The big tease

Fairly simple tackle, along with the right technique, can equal a successful day of offshore fishing. (Photo by Chris Burrows)

Look at that. It’s June already. Summer officially starts in the latter half of this month. 

Unless finals were a total disaster, the kids are out of school. The days are as long as they are going to be this year, and a lot of days can be comfortably and safely fished offshore. If weather patterns stay within their normal limits, we will have good, warm (but not too warm) water from 30 fathoms all the way out past 100 fathoms. Flying fish and sargassum weed should be everywhere in those ranges. 

June is a time when offshore trolling can be a lot of fun. It’s also a great time to turn it into more of a team sport. This is when I like to break out the teasers.

You don’t have to run a big diesel boat to get in on the teaser game. If you are fishing from a single-deck center console and want to maximize your summer spread with a teaser or two, you just adapt your strategy a little bit. I only have two rules when it comes to this.

First, I need to be able to see my teaser and what shows up next to it. Second, I need to have a reasonable way to get that teaser away from a hot fish very quickly so that I can switch him on to a bait with a hook in it.

On a center console, for me, pulling big, multi-arm dredges from a downrigger is out. I’ve tried it countless times and the ends don’t justify the means. I can’t see the bottom of the dredge, so I feel like I miss opportunities. 

Stay alert

When I’m in charge of watching, everything must be on the surface. I don’t know of a more “tried-and-true” teaser than the old squid chain with an Ilander/horse ballyhoo behind it. My pink squid chain with the blue/white Ilander goes out first, every single time, always on the right side of the spread. Maybe it’s because I’m very right-eye dominant, or just because it has worked so well in the past, but regardless, it works and that’s where I’m starting. 

I can be a little more flexible on the left side. Over there I like to pull a big resin head marlin lure, like a Black Bart Braziliano or Big Breakfast, usually in a dark color, like purple/black. That color pattern in the Braziliano looks just like a small blackfin tuna when it’s in the water, and what fish wouldn’t want to eat that? 

All my teasers are rigged on very heavy mono leaders about 20 feet long. I crimp a big loop at the top of the leaders for easy deployment and removal with a basic snap swivel. So far, so good.

As far as the system for pulling teasers from a center console, trial and error has led me to keep it as simple as possible. I landed on simply pulling them from the same rods and reels that I use to live-bait fish for grouper years ago, and I’m not changing anytime soon. 

Teasers are a big part of chasing sailfish this time of year. (Photo by Chris Burrows)

The gear

The rods are simple. Stout 6-footers with ring guides and a metal gimbal butt. The reels are Penn Senators (4/0, red bodied, which means high-speed retrieve) with a bunch of scrap mono on the base to fill the spool, covered with a top shot of 80-pound Power Pro.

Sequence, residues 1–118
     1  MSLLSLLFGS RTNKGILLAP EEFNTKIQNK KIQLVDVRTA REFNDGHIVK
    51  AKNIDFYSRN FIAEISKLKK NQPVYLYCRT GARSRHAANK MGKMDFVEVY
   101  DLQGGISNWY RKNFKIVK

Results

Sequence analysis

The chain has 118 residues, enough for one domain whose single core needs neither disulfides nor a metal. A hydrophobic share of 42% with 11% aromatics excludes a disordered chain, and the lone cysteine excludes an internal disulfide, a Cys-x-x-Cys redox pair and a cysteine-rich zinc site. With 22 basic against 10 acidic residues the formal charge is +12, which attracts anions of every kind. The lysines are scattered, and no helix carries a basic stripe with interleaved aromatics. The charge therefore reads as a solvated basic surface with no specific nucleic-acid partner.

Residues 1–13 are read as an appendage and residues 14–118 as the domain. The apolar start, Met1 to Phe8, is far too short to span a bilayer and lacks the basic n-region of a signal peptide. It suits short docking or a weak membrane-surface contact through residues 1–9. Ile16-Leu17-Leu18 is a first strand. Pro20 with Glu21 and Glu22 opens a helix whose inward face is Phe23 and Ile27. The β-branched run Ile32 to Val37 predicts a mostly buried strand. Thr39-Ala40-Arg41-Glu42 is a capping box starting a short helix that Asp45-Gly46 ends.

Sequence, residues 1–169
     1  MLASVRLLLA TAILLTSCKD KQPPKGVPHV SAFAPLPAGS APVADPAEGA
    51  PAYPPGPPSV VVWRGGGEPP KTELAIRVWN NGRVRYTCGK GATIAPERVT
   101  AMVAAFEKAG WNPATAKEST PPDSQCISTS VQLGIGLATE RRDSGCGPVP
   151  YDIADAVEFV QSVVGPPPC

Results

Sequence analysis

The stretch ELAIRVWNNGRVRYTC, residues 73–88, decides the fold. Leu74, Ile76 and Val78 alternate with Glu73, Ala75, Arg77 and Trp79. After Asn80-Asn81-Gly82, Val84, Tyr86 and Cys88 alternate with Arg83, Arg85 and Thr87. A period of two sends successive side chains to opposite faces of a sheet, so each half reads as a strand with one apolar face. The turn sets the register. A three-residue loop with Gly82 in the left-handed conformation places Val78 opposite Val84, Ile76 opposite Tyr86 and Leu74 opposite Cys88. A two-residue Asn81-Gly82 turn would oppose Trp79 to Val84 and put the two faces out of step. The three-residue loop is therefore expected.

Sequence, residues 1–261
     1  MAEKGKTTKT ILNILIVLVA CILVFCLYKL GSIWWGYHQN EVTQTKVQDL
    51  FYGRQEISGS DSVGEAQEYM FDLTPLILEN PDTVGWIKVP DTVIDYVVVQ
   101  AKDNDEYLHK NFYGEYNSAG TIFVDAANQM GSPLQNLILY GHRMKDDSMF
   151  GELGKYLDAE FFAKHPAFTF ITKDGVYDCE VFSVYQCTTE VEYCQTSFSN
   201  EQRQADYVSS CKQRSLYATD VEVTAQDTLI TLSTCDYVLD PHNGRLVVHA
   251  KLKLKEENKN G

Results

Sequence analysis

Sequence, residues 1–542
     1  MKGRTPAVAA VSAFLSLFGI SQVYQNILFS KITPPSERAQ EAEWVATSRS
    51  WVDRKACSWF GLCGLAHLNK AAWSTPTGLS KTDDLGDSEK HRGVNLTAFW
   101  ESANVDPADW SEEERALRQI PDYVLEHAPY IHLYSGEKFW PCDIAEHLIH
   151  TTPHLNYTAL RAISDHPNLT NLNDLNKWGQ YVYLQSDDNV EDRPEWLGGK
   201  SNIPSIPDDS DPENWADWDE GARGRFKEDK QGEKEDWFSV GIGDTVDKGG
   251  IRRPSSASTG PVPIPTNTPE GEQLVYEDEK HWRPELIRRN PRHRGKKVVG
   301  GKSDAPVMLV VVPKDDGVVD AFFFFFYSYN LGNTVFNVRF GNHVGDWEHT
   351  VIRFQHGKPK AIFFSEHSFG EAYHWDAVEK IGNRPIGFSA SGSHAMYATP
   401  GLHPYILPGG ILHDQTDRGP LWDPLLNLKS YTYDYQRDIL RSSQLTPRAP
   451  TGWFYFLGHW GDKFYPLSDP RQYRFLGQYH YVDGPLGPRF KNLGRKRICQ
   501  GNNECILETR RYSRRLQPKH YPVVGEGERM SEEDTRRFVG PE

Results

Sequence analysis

When the teasers go out, I simply pop the gimbals into the angled rod holders in the T-top so they stick out almost horizontally to the water. This positions my teasers between the flat lines and the short-rigger baits, which is exactly where I want them to be. On most outboard boats this will keep them in clean water. I simply drop them back 40 or 50 feet past the flat line baits, and the tease is on.

 Just make sure you have a pitch bait rod rigged and ready at all times after this point. 

I’m a fan of a TLD-20 outfit with a short, 80-pound mono leader and a naked, split-billed ballyhoo, rigged on a short-shanked Matzuo (or similar) dink hook.

When a bull dolphin or a fish with a pointy snout shows up next to one of these teasers, this is where the interactive/team sport concept really shows itself. 

Ideally, you have enough competent crew on board so that someone is committed to grabbing the teaser rod and someone has the pitch bait rod. This is where the teaser rod really proves useful. A simple sweep of the rod while you’re reeling will get the teaser away from the fish much quicker than just reeling. 

Hot fish tend to become really angry fish at this point. Being assigned to the teaser is a lot of fun, you just have to keep your wits about you. At the same time, whoever has the pitch rod is already free-spooling the bait back. Keep making the fish mad as you bring the teaser in. 

At some point, the bait going out becomes closer to the fish than the teaser. Many times, this is when the pitch bait gets automatically nailed, and this bait has a hook in it. 

Now it’s the job of the pitch baiter to keep his or her wits, give the fish enough time to eat the bait, then engage the drag lever and set the hook. Or you can just knock the flat line bait out of its clip and drop it back. That’s completely within the rule book. You just have to give them something to eat at that point. If you got them mad enough by sweeping and reeling that teaser away from them, they usually will.

Teasing fish in and switching them to pitch baits is one of the more fun things you can do offshore. It’s exciting, it’s interactive, and it often allows you to catch quality fish on exactly the tackle you want to fight them on. It does require a little bit of practice, and it forces someone to always keep their eyes on the spread. 

In June, you never know exactly what is going to show up on your teasers. 

Sail away:

Throughout the month of June, offshore anglers can expect to run into numerous species of fish, including sailfish, which provide for some fun catches with teasers and simple tackle.

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